Part of the problem is that white actors are cast to play Asian roles in television and film — take Emma Stone's portrayal as a "half-Asian character" in "Aloha," for example. This history of "yellowfacing" is not only racist and offensive, but also something that should have been corrected a long time ago.
Enter mother and YouTube star, Michelle Villemaire. The DIY blogger behind Home Made Mimi was fed up with the "whitewashing" of Asian characters and decided to "correct yellowface" by re-imagining iconic Asian roles played by white women.
"Growing up, I didn’t see many faces like mine on television and film. And because I wanted to be an actor it was really hard to believe that I could ever be one," Villemaire writes in a blog post titled, "Get in the Picture: My Adventures in Correcting Yellowface."
"Only women who had a certain skin colour and eye shape were really allowed on screen, right?" she writes. "To this day white people are cast as Asians, deepening the message that Asians just aren’t wanted."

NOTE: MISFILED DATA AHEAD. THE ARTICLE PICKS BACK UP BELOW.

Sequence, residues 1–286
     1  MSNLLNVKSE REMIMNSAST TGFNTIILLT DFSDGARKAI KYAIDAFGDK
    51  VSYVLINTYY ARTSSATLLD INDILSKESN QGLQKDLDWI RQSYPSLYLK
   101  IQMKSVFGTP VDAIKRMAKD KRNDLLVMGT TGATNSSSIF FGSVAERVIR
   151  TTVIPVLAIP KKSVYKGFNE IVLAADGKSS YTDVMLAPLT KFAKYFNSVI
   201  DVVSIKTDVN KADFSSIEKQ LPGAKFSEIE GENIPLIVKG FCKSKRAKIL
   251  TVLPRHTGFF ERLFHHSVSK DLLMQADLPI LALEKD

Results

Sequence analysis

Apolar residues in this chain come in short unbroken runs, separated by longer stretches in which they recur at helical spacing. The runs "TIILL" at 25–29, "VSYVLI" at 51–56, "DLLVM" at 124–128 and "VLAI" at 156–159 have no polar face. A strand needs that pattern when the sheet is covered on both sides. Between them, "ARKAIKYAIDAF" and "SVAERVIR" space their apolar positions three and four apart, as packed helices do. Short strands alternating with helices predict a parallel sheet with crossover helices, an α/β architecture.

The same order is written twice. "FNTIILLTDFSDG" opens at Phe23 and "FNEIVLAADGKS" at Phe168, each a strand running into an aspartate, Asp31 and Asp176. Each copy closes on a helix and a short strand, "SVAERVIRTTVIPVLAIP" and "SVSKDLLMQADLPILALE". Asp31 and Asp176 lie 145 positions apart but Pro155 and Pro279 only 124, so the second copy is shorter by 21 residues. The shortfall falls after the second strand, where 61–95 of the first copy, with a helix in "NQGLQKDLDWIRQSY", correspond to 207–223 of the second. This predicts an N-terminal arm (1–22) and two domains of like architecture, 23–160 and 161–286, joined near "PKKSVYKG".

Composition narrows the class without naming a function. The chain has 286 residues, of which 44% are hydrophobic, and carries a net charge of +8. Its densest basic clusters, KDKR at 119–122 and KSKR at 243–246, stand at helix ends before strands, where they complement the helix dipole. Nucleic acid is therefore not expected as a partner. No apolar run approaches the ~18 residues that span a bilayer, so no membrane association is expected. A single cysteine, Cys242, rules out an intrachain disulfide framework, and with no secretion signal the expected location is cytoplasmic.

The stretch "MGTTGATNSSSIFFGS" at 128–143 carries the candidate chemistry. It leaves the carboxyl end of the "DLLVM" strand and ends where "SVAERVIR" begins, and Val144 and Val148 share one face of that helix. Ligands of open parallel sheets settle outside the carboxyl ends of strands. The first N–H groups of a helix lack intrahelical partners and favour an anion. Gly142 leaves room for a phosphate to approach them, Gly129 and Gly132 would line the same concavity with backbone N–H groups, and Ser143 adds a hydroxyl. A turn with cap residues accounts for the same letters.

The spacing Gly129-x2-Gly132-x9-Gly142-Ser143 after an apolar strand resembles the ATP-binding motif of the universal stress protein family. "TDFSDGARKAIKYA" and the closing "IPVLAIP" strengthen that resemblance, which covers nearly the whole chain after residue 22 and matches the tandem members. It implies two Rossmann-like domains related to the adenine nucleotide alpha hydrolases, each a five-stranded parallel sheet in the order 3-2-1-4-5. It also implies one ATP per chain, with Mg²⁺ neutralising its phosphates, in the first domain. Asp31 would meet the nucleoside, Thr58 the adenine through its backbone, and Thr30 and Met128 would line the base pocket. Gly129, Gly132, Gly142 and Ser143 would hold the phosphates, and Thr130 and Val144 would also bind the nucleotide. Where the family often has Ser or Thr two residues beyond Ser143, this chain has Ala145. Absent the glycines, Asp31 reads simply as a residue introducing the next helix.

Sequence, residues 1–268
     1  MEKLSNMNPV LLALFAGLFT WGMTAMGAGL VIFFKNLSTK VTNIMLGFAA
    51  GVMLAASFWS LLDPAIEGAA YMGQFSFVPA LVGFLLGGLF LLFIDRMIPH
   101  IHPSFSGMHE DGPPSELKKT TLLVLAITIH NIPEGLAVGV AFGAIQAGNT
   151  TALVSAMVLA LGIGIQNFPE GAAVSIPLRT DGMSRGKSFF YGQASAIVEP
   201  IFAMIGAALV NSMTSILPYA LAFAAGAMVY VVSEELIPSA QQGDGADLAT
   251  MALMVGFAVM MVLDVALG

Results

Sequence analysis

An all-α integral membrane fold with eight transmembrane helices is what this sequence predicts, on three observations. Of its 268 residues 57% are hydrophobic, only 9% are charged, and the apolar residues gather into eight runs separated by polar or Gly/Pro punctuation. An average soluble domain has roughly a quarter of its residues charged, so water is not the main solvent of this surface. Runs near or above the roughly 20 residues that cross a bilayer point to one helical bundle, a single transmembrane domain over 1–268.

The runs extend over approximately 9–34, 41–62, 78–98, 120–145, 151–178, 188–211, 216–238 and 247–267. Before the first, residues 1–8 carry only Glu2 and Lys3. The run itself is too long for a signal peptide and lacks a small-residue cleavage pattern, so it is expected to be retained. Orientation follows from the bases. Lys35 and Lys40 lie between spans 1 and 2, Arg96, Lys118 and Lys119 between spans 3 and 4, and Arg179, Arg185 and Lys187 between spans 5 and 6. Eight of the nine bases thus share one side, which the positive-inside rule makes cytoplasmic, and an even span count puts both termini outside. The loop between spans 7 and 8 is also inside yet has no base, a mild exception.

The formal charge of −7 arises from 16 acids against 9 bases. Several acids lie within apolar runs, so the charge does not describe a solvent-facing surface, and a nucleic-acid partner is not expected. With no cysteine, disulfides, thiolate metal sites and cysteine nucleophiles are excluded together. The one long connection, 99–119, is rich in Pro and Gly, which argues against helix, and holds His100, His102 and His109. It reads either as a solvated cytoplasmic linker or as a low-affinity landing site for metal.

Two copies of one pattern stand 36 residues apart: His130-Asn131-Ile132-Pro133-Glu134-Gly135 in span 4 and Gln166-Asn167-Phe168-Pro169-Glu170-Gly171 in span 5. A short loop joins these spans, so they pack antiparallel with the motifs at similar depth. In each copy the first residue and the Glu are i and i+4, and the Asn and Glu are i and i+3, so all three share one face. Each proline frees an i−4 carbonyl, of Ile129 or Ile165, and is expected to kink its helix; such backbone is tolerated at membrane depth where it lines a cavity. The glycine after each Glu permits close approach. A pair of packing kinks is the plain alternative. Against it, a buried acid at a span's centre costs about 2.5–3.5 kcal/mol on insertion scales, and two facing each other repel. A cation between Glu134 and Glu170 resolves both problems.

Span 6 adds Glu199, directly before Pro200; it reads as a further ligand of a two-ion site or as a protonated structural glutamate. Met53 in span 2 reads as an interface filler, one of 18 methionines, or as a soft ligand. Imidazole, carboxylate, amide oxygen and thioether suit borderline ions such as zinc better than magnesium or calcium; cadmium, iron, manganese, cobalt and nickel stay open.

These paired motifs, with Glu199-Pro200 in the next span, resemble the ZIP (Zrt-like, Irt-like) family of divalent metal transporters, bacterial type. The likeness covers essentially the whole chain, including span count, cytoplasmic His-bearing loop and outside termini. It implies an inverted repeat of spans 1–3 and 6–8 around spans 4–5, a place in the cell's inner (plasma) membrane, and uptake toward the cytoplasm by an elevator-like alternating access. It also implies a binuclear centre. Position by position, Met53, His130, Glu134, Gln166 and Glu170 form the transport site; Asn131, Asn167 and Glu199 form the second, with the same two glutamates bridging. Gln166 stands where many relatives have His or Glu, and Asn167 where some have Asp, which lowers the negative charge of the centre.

According to Buzzfeed, the mother-of-two used an assortment of purchased and homemade props to transform herself into characters such as Katharine Hepburn in the 1944 film "Dragon Seed" and Scarlett Johansson in the upcoming flick, "Ghost in the Shell."
And though she had doubts about whether or not she could pull it off, the results of her work are pretty impressive.
On her blog, Villemaire says her Hepburn recreation was the most difficult to shoot as she "didn't want to disrespect the queen" and "trying to recreate one of our greatest actors’ expressions while that actress’s face has been tampered with [tape to make her eyes look more Chinese] is just some crazy gymnastics."
"I considered calling this post Wictor Wictoria because it occurred to me that I was an Asian woman trying to be a white woman trying to be an Asian woman," she writes.
But, by the time she shot the last image in the series (she as Stone in "Aloha"), she felt a sense of accomplishment.
"In my own way, I’d rewritten these stories adding an element of authenticity that was missing. It felt really good," writes Villemaire.
She concludes her post by saying, "This photographic journey is a love letter to all my Asian brothers and sisters out there trying to break into a tough business. I feel your struggle. But please keep fighting the fight. You are talented. You are beautiful. And goddammit, we belong in the picture."
You can check out the full "Correcting Yellowface" series on Villemaire's blog.
Also on HuffPost